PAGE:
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Intertrack Timing  (November 2017)


While creating compilations from my own records, I came up with conventions for how much time to allow between the end of one song and the beginning of the next.  In the beginning, I didn’t perseverate over this, figuring that intertrack timing was little more than an incidental concern.  I discovered I was wrong about timing being inconsequential after purchasing a set of jazz compilation CDs that allowed for less than one second between tracks.  Though I enjoy the music, the transitions between adjacent tracks are always jarring to me.  I’ve also come across commercial CDs where some tracks inexplicably have 20 to 30 seconds of dead silence between them, and I find my attention shifting from the album’s music to puzzlement over the album’s production.


I certainly want to avoid subjecting my customers to this kind of disjointedness, so I’ve formalized my intertrack timing conventions as described below.  Customer preferences, of course, take precedence over any of the conventions I’ve adopted.


First Track Lead-In

2 seconds.  Although two seconds is longer than the few milliseconds to one second you typically encounter with a commercial music CD, I developed this habit because a CD changer I used to own would take over a second to orient itself to a CD and thus would begin playing past the start of the first track.  A 2-second lead-in circumvented this quirk, and it doesn’t interfere with the enjoyment of the album.


Last Track Lead-Out

3 seconds.  There’s no point in retaining the several seconds at the end of a record or minutes at the end of a cassette that follow the music.  Three seconds is a reasonable time so that transitions to another album on an MP3 or computer music player or swapping discs in a CD changer doesn’t sound rushed.


Intertrack Timing on Albums

Each side of a record is one continuous groove, and this is mirrored in the audio file of a record’s side:  it’s one long recording.  While the listener easily recognizes a few seconds of silence as indicating that one song has ended and another is about to start, there’s nothing in either the record’s groove or the digital file that indicates the exact point in time where one track has “officially” concluded and another has begun.  Therefore, choosing points to split the record’s tracks into separate audio files is arbitrary.  My approach is to allocate 0.5 to 1.0 second of the few seconds of silence between songs as lead-in on the following track, and the rest of the time to lead-out on the preceding track.  The lead-out plus lead-in times equal the album’s original period of silence.


Classical music and similar works that contain two or more major pieces, each with multiple movements, offer a special opportunity.  I usually increase the lead-out time of the preceding piece’s final movement to nine seconds.  This provides the listener a cue that one major piece has concluded and another is about to begin.  (I’ve also encountered this convention in many commercial CDs of classical music.)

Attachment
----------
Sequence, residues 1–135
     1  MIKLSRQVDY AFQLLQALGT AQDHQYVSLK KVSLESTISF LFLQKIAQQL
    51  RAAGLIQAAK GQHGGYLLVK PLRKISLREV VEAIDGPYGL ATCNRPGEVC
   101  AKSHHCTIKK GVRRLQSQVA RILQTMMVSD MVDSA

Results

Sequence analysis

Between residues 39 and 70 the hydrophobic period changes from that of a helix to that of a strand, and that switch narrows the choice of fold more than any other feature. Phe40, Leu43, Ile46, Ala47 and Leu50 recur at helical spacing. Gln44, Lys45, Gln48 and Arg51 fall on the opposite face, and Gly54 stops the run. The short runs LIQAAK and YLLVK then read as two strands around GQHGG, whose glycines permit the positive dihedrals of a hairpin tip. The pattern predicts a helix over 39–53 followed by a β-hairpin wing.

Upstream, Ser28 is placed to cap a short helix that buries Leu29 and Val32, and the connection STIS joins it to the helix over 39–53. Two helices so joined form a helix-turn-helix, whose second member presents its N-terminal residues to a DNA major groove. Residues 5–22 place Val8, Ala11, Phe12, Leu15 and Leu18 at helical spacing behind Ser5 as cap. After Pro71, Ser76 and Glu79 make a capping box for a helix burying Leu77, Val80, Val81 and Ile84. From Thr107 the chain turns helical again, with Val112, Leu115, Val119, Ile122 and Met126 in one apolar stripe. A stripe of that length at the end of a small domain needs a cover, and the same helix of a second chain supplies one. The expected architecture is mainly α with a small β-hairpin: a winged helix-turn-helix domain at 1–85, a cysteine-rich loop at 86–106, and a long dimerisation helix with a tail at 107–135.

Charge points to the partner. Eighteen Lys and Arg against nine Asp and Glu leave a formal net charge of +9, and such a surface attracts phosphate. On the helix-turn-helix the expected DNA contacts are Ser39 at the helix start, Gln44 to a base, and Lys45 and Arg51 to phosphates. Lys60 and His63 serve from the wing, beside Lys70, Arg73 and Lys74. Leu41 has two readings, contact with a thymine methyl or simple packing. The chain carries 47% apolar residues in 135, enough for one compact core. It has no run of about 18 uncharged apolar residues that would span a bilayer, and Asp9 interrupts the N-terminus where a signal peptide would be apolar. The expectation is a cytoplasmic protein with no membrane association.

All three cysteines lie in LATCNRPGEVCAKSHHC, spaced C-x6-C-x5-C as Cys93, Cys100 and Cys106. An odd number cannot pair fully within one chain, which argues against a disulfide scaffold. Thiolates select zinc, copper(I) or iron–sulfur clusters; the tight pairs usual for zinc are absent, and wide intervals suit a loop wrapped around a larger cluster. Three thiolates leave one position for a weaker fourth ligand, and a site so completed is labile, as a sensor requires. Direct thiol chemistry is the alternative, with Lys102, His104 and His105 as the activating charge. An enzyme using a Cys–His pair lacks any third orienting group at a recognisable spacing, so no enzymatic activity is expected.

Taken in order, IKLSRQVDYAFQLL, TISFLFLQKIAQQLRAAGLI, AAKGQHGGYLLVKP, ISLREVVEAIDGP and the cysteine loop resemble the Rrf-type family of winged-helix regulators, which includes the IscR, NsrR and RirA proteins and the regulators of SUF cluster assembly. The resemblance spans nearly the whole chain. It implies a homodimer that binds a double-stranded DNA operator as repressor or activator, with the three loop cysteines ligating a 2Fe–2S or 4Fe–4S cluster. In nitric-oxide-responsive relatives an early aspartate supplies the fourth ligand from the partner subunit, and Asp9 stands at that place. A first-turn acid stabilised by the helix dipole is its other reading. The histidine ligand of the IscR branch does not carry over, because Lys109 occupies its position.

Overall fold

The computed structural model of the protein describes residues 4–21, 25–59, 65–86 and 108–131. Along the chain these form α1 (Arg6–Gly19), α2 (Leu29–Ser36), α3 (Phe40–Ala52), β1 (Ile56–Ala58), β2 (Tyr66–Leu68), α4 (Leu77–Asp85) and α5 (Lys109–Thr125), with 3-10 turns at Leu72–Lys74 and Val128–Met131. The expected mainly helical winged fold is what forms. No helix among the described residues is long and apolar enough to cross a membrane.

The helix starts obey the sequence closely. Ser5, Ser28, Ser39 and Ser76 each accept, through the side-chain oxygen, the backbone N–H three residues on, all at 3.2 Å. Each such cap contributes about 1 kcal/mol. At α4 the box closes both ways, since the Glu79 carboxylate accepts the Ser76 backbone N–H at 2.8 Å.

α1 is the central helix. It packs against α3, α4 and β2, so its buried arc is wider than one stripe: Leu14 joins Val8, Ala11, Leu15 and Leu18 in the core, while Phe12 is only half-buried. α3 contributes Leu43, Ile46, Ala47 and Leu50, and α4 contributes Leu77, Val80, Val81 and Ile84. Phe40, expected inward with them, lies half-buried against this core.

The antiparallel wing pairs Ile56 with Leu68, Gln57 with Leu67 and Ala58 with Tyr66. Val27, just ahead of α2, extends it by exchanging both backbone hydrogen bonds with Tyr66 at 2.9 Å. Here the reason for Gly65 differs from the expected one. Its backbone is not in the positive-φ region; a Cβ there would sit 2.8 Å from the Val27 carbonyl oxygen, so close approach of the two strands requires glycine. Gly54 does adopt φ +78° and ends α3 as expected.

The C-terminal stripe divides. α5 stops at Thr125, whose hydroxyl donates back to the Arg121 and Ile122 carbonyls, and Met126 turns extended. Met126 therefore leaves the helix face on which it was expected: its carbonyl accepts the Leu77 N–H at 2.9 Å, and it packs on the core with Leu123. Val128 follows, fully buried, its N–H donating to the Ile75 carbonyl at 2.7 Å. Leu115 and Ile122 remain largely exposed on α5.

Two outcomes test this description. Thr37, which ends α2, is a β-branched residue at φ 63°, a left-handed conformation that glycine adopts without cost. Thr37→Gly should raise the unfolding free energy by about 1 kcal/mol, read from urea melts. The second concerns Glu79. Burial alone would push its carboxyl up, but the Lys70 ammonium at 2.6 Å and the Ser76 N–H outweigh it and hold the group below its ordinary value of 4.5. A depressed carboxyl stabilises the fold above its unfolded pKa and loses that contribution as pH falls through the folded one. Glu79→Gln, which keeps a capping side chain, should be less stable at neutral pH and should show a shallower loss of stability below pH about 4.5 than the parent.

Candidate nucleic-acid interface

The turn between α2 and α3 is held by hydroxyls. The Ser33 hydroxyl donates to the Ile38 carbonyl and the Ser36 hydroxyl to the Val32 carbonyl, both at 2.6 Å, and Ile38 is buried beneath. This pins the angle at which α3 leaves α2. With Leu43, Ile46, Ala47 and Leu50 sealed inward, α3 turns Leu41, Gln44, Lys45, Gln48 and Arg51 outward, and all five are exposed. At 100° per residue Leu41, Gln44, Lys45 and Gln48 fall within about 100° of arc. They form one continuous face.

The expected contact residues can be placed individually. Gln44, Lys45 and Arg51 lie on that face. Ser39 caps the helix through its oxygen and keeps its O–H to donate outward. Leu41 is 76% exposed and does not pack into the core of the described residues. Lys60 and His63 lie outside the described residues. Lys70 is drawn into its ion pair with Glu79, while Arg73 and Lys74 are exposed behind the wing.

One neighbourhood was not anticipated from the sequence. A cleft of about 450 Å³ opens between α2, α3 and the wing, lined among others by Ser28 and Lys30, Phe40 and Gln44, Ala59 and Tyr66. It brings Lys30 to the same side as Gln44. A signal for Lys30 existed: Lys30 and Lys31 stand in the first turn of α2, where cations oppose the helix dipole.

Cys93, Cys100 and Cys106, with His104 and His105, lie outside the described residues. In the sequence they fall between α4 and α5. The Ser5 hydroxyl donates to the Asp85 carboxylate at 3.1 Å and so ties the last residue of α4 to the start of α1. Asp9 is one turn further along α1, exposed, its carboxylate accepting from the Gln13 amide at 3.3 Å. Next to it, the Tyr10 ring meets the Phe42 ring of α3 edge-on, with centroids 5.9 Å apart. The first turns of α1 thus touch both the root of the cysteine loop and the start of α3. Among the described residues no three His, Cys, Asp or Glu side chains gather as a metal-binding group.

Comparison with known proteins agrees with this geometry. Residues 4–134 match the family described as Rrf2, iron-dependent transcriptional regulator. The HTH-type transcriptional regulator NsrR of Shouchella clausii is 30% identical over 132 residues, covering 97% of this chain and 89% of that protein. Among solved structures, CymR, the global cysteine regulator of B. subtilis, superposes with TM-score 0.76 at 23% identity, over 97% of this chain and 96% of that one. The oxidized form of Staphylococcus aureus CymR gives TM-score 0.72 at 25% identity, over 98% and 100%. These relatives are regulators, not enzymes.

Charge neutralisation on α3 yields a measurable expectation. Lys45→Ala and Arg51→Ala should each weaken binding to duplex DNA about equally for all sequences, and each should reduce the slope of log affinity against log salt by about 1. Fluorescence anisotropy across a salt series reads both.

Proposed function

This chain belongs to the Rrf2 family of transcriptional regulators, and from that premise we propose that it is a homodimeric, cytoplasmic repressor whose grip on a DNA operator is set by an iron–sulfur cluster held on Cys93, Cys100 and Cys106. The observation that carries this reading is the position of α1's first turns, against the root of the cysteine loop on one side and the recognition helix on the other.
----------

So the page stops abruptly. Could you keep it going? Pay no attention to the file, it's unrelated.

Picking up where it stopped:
Crossfaded tracks provide no obvious indication of where to split tracks.  My approach is to target the split as late as possible while ensuring that nothing “important” to the following piece is separated from that piece (like an introductory note, chord, or drum beat).  On a device capable of gapless play, the cross-fade will sound exactly like it did originally.  The only indication to the listener that the music has transitioned to a new track is that the title in the player’s display changes.  If the customer intends to play the music on a device that doesn’t support gapless play, my recommendation is not to split cross-faded tracks, since the inescapable interjection of a moment of silence can be disruptive to the listening experience.  (See Gapless Play & How to Test for It.)


Intertrack Timing on Compilations

When creating compilations from 78s, 45s, or EPs, I incorporate a standard one-second lead-in for all tracks (except the first track on a CD, which gets two seconds).  I generally use a two-second lead-out for the A side and a three-second lead-out for the B side.  This provides a total of three seconds between sides of a record (see Figure 1) and four seconds between records.  There’s nothing magical about this approach; at times I have shortened intertrack timing in order to squeeze one more track onto a CD.  Something to ponder when considering intertrack timing is that compilations of rock music might benefit from shorter intertrack intervals in order to keep the music flowing at a fast pace.  For other music, especially classical, longer intervals might be desirable to slow things down.

Figure 1.  Two-second lead-out and one-second lead-in (shaded in dark blue) for

a 78’s two sides in a compilation (zoomed in to show 25 seconds of each track).


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